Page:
At some point in their careers, most journalists have to cover violent or psychologically distressing events. For years, we presumed this left no scars. Foreign correspondents could travel to brutal war zones and feel no emotion, reporters could sit in court and listen to minute details about a savage rape and leave unscathed. We were detached observers, emotionally untouched by what we have seen.
Not true, according to ex-foreign correspondent Mark Brayne, who retrained as a psychotherapist and until recently worked at the Dart Centre, which works to promote greater awareness of journalism and trauma. The fact is, says Brayne, ‘When you are dealing with extreme psychological distress, you have to enter into the story, and by being a normal sentient human being, you are being wounded. The question is, what do you do with it then?”
This ’emotional wounding’can result in depression and addiction or, at its most extreme, Post Traumatic Stress Disorder (with symptoms include flashbacks, emotional numbing, avoidance, irritability, poor concentration and sleep, stomach cramps and/or an exaggerated startle response). ‘It is important to note that PTSD is an injury and not a madness or a sickness,’says Brayne. ‘Firefighters can get burnt and policemen can be attacked, but working with extreme human distress can knock you more powerfully than a physical injury. The difference is you can’t see it and it’s hard for journalists to say this hurts.”
The fact that PTSD is common is shown in the statistics: About one in four journalists and camera operators who make a living out of reporting tragedy and violence will, over a 15-year career, develop the symptoms of full-blown PTSD. The issues are particularly acute for freelances, who often lack the back up and support now offered by some news organisations, particularly broadcasters.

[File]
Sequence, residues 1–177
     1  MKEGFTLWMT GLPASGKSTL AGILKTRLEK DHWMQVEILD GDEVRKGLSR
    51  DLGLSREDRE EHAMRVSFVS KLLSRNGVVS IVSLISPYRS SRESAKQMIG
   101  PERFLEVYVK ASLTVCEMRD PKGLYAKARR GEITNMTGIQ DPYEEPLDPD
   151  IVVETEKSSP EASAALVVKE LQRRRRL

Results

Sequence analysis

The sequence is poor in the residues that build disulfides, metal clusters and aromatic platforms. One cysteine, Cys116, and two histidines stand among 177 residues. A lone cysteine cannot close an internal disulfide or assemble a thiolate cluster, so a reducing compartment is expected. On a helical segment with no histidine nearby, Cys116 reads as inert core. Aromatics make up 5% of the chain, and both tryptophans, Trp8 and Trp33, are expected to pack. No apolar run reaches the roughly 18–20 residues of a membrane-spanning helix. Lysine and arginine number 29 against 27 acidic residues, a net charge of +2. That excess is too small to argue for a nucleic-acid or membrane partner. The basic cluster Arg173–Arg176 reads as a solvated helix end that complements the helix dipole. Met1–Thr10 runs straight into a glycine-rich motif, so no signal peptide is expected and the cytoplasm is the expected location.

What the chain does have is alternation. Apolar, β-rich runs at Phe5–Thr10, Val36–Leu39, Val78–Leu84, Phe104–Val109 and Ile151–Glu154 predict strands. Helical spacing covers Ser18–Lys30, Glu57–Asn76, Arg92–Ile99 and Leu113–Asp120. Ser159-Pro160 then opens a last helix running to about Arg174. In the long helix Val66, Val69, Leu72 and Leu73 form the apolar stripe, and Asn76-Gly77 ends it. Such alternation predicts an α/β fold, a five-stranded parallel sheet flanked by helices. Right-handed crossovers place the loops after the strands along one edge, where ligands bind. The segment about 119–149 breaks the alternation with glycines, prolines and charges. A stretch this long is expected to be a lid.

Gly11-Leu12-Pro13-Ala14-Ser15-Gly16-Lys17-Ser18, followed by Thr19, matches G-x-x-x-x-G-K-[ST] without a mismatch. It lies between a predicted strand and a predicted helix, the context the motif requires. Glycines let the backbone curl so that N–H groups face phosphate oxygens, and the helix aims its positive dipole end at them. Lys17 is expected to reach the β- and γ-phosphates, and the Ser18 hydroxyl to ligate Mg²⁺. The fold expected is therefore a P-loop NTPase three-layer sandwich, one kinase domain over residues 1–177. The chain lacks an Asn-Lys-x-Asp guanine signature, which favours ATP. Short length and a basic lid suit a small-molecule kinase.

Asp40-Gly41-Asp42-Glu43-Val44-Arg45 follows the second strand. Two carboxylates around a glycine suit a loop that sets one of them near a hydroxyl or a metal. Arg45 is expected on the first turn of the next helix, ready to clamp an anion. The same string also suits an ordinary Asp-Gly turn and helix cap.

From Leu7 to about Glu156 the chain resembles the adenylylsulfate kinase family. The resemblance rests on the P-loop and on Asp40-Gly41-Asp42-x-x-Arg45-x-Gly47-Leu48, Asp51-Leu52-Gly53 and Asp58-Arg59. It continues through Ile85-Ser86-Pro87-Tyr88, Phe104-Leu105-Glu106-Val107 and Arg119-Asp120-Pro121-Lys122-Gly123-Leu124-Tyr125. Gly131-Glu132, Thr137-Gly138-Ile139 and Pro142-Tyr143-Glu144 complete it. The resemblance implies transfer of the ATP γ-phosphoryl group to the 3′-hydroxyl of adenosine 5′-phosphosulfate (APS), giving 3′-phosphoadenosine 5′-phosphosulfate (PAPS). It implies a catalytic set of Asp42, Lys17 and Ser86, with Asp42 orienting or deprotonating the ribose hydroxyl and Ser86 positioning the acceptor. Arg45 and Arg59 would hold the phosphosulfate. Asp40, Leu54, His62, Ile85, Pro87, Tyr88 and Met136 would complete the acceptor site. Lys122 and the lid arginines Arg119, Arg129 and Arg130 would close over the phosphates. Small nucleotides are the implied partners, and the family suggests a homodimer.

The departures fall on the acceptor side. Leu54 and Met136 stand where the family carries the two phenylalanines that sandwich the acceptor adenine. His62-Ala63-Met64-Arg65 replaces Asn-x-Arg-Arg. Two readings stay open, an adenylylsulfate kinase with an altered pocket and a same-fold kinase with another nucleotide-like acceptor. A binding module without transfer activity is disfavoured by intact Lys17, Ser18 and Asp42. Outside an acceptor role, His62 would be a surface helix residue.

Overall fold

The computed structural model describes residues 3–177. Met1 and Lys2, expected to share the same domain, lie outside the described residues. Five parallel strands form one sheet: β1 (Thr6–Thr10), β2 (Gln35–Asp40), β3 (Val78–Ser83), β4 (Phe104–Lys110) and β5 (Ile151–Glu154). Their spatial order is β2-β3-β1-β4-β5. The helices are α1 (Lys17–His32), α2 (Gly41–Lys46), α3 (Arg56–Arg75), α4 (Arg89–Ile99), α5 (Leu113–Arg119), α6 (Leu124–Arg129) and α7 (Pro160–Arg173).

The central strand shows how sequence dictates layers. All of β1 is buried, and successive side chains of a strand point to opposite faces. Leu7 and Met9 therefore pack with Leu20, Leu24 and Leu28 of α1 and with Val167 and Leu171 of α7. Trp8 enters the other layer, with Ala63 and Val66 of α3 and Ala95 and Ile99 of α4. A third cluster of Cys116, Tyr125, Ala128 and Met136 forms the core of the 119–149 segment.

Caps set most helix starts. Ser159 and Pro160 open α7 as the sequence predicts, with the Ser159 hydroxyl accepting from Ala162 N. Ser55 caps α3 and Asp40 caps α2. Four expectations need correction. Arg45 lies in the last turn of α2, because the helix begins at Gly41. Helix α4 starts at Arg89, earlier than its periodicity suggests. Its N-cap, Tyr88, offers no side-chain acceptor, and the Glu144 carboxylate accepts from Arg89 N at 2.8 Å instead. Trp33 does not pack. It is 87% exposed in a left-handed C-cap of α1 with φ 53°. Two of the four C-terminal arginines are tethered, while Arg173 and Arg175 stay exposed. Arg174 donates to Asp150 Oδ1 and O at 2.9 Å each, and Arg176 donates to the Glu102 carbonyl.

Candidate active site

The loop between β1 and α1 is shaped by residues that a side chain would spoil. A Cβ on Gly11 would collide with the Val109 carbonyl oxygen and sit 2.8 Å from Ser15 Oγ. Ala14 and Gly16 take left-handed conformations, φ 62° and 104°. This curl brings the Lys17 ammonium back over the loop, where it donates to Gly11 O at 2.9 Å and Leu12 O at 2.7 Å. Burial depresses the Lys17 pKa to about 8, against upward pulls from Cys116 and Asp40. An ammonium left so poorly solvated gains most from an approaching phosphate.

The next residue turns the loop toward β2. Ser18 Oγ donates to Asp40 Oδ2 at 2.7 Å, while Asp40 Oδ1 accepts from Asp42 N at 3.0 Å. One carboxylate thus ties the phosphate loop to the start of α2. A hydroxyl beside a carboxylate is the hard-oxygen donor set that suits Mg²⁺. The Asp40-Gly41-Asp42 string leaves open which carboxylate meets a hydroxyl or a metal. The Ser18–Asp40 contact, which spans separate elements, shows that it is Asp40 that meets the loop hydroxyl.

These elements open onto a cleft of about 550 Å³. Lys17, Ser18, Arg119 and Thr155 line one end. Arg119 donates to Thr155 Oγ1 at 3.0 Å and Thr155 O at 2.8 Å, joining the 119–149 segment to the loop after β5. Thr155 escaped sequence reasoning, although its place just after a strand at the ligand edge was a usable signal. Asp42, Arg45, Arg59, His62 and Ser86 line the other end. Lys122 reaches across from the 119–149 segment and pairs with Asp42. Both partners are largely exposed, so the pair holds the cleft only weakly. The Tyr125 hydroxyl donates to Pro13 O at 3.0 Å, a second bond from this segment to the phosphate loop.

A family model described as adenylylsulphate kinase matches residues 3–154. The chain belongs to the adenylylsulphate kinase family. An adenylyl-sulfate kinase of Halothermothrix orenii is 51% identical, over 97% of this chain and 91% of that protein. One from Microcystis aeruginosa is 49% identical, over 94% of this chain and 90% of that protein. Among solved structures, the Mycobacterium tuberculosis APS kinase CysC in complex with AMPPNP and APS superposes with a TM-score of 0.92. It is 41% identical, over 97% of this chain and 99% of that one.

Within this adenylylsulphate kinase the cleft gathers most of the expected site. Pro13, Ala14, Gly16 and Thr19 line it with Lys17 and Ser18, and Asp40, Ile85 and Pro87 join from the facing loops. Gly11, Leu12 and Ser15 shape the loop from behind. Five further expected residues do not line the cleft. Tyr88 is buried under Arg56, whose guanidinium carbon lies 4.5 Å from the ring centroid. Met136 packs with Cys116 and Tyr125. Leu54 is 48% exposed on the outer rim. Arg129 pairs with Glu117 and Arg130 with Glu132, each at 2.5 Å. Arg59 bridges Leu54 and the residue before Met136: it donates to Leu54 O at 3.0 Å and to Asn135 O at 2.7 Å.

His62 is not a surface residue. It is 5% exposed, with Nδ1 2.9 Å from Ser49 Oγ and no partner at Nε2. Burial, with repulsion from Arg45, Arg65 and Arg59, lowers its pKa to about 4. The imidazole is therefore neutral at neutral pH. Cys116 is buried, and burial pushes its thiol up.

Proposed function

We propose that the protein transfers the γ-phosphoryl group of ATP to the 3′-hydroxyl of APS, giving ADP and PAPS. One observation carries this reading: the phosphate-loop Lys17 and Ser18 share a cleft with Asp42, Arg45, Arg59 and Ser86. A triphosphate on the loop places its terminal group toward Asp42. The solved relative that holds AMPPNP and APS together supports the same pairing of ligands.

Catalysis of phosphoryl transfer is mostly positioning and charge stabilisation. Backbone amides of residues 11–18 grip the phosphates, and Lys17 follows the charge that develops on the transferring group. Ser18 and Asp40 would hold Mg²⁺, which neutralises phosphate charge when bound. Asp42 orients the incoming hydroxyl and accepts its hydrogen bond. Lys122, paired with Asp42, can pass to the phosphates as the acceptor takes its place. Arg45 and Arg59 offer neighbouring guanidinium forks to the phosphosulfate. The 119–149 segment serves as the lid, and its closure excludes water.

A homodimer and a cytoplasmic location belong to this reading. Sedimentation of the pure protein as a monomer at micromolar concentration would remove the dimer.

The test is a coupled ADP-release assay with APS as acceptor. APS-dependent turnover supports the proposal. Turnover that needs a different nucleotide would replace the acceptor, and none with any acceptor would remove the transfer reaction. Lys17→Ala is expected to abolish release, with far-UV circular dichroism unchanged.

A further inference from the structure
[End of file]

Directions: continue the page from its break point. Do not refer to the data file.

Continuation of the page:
It’s not just wars that can traumatise but everyday ‘mundane’ things too, from traffic accidents to street attacks. ‘When I ask journalists what their most traumatic experience was many mention the ‘death knock’ – knocking on the door of a mother, for example, who has lost a son, and asking for a photo and quote,’says Brayne.
So how can we prepare ourselves? ‘Journalists shouldn’t pretend that they are anything other than sentient human
beings and they are going to be affected by what they see”, says Brayne. ‘It’s common to experience emotional distress in the weeks after witnessing a traumatic event or story.’
The Dart Centre for Journalism and Trauma advises good self-care to get through an emotionally draining assignment: Eat well, get good sleep and exercise (a 30-minute walk a day) and watch your alcohol intake. It also suggests finding a way to relax within a day or two after, through any favourite stress-reduction technique such as yoga, exercise, visualisations or music.
The good news, says Brayne, is it doesn’t take much to safeguard our wellbeing. ‘If you acknowledge and talk about your feelings, you are three-quarters of the way there. ‘
It’s also crucial to have a support network and be prepared to offer support to freelances you know who have been on a difficult assignment. ‘Maybe take them for coffee and say, ‘How was it?’ and listen. Ultimately, it’s about removing the stigma of being a normal human being.”